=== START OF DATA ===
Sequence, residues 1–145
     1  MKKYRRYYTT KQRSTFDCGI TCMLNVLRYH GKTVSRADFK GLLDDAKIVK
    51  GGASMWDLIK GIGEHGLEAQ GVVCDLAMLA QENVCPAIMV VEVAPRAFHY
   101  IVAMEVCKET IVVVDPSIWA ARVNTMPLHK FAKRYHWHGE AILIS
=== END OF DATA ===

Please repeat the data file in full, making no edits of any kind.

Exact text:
Sequence, residues 1–145
     1  MKKYRRYYTT KQRSTFDCGI TCMLNVLRYH GKTVSRADFK GLLDDAKIVK
    51  GGASMWDLIK GIGEHGLEAQ GVVCDLAMLA QENVCPAIMV VEVAPRAFHY
   101  IVAMEVCKET IVVVDPSIWA ARVNTMPLHK FAKRYHWHGE AILIS